Released last week, issue #21 of Green Arrow marks the close of “The Kill Machine”, incoming regular writer Jeff Lemire’s first storyarc with the character. It’s a drug-takey, visionquest of an issue that provides some hard answers to questions around what’s been going on these last few months (since issue #17, when Lemire took the reins), but also provides some key insights into the direction Lemire will be taking with Green Arrow. And more than anything, the concluding chapter to “The Kill Machine” shows us how Lemire is ready to take Oliver Queen’s Green Arrow to an entirely new, Isaac-Newton level of storytelling.
Perhaps the most striking aspect about “The Kill Machine” is Lemire’s facility at avoid milking the golden calf. This is Lemire’s fourth New 52 series (after the super successful Animal Man and Frankenstein, agent of S.H.A.D.E.) and his second high-level reboot (after Justice League Dark). And what stands out most is Lemire’s talent for funding a unique storytelling mode for each of these properties.
Justice League Dark was very much about the fidelity of high-impact storytelling. Coming out of last summer, the Justice League book was about the boldness of fitting Constantine and his motley crew of magickal misfits into the already established tradition (established by Justice League writer Geoff Johns) of the Justice League dealing with the fallout from lost civilizations. In Lemire’s hands the Justice League Dark was all about finding pulp roots for a book that never really had them at all. Frankenstein on the other hand was about the irrational consequence of proto-fascism (born of European idealism) collaborating with and housed within American bureaucracy (still held to be an inoculation against exactly this kind of fascism). It’s the story of the Cold War, but explored with monsters and bureaucracy. And Animal Man? Animal Man’s just Bob Dylan’s Highway 61 Revisited, but protracted to embroil the non-nuclear family as they find themselves in a media-saturated landscape.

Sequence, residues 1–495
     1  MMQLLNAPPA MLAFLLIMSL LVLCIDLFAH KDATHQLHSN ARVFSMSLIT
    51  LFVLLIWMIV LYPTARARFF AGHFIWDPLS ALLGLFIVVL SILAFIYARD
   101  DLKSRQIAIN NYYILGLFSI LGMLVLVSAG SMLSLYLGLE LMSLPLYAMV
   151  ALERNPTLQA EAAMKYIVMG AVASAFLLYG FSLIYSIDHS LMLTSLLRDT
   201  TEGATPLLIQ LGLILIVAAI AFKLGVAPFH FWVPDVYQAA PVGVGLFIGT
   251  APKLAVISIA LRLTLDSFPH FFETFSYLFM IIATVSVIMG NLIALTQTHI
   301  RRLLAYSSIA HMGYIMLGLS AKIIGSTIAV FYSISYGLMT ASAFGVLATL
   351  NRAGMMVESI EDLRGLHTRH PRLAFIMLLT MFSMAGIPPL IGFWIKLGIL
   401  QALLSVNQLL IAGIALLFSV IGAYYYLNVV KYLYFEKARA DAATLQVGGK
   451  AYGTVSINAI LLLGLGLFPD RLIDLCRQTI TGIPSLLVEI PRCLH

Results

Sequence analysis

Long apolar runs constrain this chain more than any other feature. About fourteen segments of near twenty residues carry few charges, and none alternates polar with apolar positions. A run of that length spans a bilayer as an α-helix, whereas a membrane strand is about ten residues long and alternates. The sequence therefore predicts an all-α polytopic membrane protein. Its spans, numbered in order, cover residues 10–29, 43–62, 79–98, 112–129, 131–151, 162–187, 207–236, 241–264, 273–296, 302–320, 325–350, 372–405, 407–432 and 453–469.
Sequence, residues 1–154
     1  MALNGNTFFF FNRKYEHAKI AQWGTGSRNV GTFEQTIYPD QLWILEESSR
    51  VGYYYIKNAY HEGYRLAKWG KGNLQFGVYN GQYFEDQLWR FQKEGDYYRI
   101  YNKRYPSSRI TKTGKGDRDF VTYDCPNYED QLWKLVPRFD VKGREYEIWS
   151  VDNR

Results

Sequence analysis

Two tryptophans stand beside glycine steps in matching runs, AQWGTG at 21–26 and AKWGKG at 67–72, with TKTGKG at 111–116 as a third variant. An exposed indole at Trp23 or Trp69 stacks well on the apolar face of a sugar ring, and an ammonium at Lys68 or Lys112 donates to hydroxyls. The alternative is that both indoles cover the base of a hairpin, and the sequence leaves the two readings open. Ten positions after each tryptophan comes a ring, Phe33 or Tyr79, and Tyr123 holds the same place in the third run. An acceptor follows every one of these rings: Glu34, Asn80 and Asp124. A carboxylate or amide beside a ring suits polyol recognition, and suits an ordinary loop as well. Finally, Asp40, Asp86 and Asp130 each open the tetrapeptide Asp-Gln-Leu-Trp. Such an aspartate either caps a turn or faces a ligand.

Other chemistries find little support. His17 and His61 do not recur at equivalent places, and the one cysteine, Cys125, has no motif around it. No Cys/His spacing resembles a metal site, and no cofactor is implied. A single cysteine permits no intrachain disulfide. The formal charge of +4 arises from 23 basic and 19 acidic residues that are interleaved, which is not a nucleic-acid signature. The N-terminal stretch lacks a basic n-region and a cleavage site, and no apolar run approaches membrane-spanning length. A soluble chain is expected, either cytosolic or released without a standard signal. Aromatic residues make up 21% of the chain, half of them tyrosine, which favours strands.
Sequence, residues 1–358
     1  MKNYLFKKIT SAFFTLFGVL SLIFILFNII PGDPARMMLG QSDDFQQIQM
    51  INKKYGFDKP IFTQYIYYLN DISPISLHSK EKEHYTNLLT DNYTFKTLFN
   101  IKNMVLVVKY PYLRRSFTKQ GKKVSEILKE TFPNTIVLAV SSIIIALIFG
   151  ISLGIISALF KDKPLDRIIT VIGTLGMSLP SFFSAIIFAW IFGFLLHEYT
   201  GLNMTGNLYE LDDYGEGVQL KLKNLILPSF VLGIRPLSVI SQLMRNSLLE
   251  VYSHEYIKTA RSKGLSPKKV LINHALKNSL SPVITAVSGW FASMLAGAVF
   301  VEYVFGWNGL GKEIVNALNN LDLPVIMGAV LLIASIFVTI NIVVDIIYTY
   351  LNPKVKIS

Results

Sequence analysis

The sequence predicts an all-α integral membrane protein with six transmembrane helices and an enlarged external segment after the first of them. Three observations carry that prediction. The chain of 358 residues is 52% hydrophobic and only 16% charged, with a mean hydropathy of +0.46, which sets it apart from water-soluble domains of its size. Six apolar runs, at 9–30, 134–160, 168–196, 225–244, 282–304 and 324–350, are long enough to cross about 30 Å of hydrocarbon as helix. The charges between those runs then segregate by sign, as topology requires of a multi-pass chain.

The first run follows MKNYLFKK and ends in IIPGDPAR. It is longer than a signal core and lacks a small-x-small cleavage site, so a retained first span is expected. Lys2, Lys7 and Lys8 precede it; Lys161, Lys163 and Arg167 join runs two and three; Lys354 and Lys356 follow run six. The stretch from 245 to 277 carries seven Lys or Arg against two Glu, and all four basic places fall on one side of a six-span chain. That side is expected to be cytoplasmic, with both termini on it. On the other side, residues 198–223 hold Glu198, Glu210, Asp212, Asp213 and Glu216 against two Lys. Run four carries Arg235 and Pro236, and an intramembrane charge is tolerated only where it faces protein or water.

Green Arrow, even from the opening pages of issue #17 was completely different. It was, from boot-up, something that the ‘80s urban action thriller genre would have dearly aspired to in this second decade of the new millennium, had the urban action thriller genre remained culturally legitimate. I want to say, imagine if you will, Dear Reader, the power of Chris Nolan’s the Dark Knight after nothing but Blue Thunder, through Commando, through Heat. Imagine the scale and the grandeur, and the pure magnificence, imagine an entire filmic genre coming into its own simply off of the back of just one film. Green Arrow was a little like that for where the title was by the end of issue #17, versus where it was just one issue prior.